After Hours Medical Group allegedly refuses to vacate its leased space

By Russell Boniface | Sep 9, 2016

GRETNA — East Jefferson General Hospital has filed a lawsuit in the 24th Judicial District Court in Gretna against urgent care company After Hours Medical Group, which is partially owned by former hospital employee and Jefferson Parish coroner Dr. Gerry Cvitanovich.

The suit alleges that After Hours, which Cvitanovich, 55, founded in 2002, violated its lease by subcontracting space to its parent company, MHM Urgent Care, which Cvitanovich also founded in 2005. The current lease terms expire in 2018. In May, the hospital twice notified After Hours that its lease would be terminated June 11. After Hours has not left the office space.

Cvitanovich worked in East Jefferson’s emergency room in 1992 and directed its wound center from 2002 to 2007. He served three terms on the hospital’s executive committee. In 2008, he left to become deputy coroner.

In addition, the suit alleges Cvitanovich violated an agreement that After Hours physicians would belong to the hospital.

David Sherman, an attorney for the hospital, declined to comment for this story. Cvitanovich could not be reached for comment.

A hearing in the case is scheduled Sept. 9.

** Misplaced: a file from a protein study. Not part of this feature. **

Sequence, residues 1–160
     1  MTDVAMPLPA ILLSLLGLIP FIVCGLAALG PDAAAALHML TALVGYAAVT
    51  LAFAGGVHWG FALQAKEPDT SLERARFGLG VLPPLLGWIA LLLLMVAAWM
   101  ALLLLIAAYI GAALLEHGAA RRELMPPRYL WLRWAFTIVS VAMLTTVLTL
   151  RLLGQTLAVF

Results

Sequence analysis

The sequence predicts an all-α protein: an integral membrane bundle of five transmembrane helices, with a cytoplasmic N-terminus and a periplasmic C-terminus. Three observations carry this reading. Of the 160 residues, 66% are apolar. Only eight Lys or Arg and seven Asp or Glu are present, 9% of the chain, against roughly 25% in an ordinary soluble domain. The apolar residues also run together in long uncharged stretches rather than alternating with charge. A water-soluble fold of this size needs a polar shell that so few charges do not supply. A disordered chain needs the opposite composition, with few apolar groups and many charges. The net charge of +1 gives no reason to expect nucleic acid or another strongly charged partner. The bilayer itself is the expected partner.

Mark Diana, an associate professor with Tulane University School of Public Health and Tropical Medicine, said hospitals and health systems are investing more in urgent care centers, which have become a growing trend.

“There are lots of people trying to get into this,” he told the Louisiana Record. “Some are hospitals, such as East Jefferson, and some are freestanding companies. Some are run by groups of physicians.”

Diana said the business model for urgent care centers, including retail and minute clinics and freestanding emergency rooms, looks for clientele interested in convenience.

“Patients don’t want to have to wait days or a week or longer to get in to see their regular primary care doctor and are willing to pay,” he said. “The urgent care centers are usually located where people are employed and have insurance who can afford to get treated quickly, even after hours, as opposed to having to wait.”

Diana said that a hospital loses revenue if a patient can’t get in to see a hospital-affiliated doctor and instead goes to urgent care.

“A hospital running an urgent care center, whether owned by the hospital or a joint venture, is trying to capture that urgent care patient.” he said. “In an arrangement between MHM and East Jefferson, the revenue will not be totally lost to East Jefferson and its physicians.”

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